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Ground granulated blastfurnace slag (ggbs)

Ground granulated blastfurnace slag (ggbs) is a by-product from the blast-furnaces used to make iron.
These operate at a temperature of about 1,500 degrees centigrade and are fed with a carefully controlled
mixture of iron-ore, coke and limestone. The iron ore is reduced to iron and the remaining materials form a
slag that floats on top of the iron. This slag is periodically tapped off as a molten liquid and if it is to be
used for the manufacture of ggbs it has to be rapidly quenched in large volumes of water. The quenching
optimizes the cementitious properties and produces granules similar to a coarse sand. This 'granulated' slag
is then dried and ground to a fine powder.
The major use of ggbs is in ready-mixed concrete, and it is utilized in a half of all UK 'ready-mix'
deliveries. Specifiers are well aware of the technical benefits which ggbs imparts to concrete, including:

Workability - making placing and compaction easier.

Lower early-age temperature rise, reducing the risk of thermal cracking in large pours.

Elimination of the risk of damaging internal reactions such as ASR.

High resistance to chloride ingress, reducing the risk of reinforcement corrosion.

High resistance to attack by sulphate and other chemicals.


In the production of ready-mixed concrete, ggbs replaces a substantial portion of the normal Portland
cement content, generally about 50%, but sometimes up to 70% or more. The higher the proportion, the
better the durability. The disadvantage of the higher replacement level is that early-age strength
development is somewhat slower.
Ggbs is also used in other forms of concrete, including site-batched and precast. Unfortunately, it is not
available for smaller-scale concrete production because it can only be economically supplied in bulk. Ggbs
is not only used in concrete: other applications include the in-situ stabilization of soil.

Environmental sustainability and GGBS


Because ggbs is derived as a by-product from another industry its use is an example of industrial
ecology. It can be used un-ground as a coarse aggregate or as a supplementary cementitious material, where
it can replace up to 70% of cement in a concrete mix and reduce carbon dioxide emissions per tone of
concrete by up to 60 or 70%.
Download table: Embodied carbon dioxide of concrete mixes including ggbs.

What is GGBS?
Ground granulated blastfurnace slag (GGBS) is a by-product from the blast-furnaces used to make iron.
These operate at a temperature of about 1,500 degrees centigrade and are fed with a carefully controlled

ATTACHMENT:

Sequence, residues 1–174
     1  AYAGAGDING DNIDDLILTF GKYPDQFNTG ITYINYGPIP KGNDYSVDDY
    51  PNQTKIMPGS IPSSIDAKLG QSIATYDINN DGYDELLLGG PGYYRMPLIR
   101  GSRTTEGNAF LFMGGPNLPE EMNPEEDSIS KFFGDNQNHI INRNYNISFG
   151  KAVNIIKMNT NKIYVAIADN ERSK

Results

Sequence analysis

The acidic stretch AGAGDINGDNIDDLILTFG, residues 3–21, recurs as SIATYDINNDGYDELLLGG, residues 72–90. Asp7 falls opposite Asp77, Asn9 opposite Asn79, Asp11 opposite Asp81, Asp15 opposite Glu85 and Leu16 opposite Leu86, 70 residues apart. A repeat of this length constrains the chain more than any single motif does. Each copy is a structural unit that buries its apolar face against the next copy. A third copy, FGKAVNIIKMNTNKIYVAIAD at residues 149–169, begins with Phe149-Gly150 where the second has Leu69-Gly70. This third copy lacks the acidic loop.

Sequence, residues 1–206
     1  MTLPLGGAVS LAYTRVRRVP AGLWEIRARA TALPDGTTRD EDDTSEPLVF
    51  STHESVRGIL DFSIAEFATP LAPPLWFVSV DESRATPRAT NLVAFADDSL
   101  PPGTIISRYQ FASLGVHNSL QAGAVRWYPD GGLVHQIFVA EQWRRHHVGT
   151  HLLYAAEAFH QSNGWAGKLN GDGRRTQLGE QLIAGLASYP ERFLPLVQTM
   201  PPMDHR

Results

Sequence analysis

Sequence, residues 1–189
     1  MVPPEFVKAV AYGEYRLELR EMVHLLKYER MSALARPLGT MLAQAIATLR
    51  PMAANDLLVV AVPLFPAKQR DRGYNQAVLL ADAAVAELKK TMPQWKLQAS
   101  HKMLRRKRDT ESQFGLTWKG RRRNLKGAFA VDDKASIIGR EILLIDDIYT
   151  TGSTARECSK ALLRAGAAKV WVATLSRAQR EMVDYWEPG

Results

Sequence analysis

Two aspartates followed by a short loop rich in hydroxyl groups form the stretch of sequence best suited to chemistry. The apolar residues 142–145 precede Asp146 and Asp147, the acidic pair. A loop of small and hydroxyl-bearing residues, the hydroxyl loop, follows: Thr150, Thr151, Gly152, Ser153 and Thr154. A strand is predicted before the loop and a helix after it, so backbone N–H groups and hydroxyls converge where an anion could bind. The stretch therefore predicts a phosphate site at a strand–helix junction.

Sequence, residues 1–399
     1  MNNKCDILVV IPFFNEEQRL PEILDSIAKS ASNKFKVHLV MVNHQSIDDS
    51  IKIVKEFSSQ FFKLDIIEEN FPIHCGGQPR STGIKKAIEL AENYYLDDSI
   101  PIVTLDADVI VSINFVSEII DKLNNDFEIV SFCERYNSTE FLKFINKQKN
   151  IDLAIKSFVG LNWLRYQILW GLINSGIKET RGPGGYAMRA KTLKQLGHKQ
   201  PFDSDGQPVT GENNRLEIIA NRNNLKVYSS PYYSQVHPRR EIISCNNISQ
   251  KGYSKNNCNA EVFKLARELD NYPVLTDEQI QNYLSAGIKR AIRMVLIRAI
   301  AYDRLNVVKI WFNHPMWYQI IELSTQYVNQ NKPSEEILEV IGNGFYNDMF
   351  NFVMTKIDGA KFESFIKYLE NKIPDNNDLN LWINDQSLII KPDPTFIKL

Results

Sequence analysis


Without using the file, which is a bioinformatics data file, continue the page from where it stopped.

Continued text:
mixture of iron-ore, coke and limestone. The iron ore is reduced to iron and the remaining materials form a
slag that floats on top of the iron. This slag is periodically tapped off as a molten liquid and if it is to be
used for the manufacture of GGBS it has to be rapidly quenched in large volumes of water. The quenching,
optimizes the cementitious properties and produces granules similar to a coarse sand. This 'granulated' slag
is then dried and ground to a fine powder.

TYPICAL CHEMICAL COMPOSITION

TYPICAL PHYSICAL PROPERTIES

Calcium oxide

40%

Color

off-white

Silica

35%

Specific gravity

2.9

Alumina

13%

Bulk density

1200 kg/m3

Magnesia

8%

Fineness

>350m2/kg

GGBS Concrete
GGBS proportions
On its own, ground granulated blast furnace slag (GGBS) hardens very slowly and, for use in concrete, it
needs to be activated by combining it with Portland cement. A typical combination is 50 per cent GGBS
with 50 per cent Portland cement, but percentages of GGBS anywhere between 20 and 80 per cent are
commonly used. The greater the percentage of GGBS, the greater will be the effect on concrete properties.
Setting times
The setting time of concrete is influenced by many factors, in particular temperature and water/cement
ratio. With GGBS, the setting time will be extended slightly, perhaps by about 30 minutes. The effect will
be more pronounced at high levels of GGBS and/or low temperatures. An extended setting time is
advantageous in that the concrete will remain workable longer and there will be less risk of cold joints. This
is particularly useful in warm weather.
Water demand
The differences in rheological behavior between GGBS and Portland cement may enable a small reduction
in water content to achieve equivalent consistence class.
Consistence (Slump)
While concretes containing GGBS have a similar, or slightly improved consistence to equivalent Portland
cement concretes, fresh concrete containing GGBS tends to require less energy for movement. This makes
it easier to place and compact, especially when pumping or using mechanical vibration. In addition, it will
retain its workability for longer.
Early age temperature rise
The reactions involved in the setting and hardening of concrete generate significant heat and can produce
large temperature rises, particularly in thick-section pours. This can result in thermal cracking. Replacing
Portland cement with GGBS reduces the temperature rise and helps to avoid early-age thermal cracking.
The greater the percentage of GGBS, the lower will be the rate at which heat is developed and the smaller
the maximum temperature rise.
Strength gain in GGBS concrete
With the same content of cementous material (the total weight of Portland cement plus GGBS), similar 28day strengths to Portland cement will normally be achieved when using up to 50 per cent GGBS. At higher